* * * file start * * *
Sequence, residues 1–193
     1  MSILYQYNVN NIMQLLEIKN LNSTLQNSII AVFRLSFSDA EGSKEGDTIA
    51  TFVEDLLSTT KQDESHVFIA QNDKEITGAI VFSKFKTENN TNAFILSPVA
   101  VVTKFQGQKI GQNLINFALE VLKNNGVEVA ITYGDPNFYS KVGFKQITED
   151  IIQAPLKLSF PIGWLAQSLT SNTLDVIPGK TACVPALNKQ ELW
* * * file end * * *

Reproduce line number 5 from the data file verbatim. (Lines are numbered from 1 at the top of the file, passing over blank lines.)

   151  IIQAPLKLSF PIGWLAQSLT SNTLDVIPGK TACVPALNKQ ELW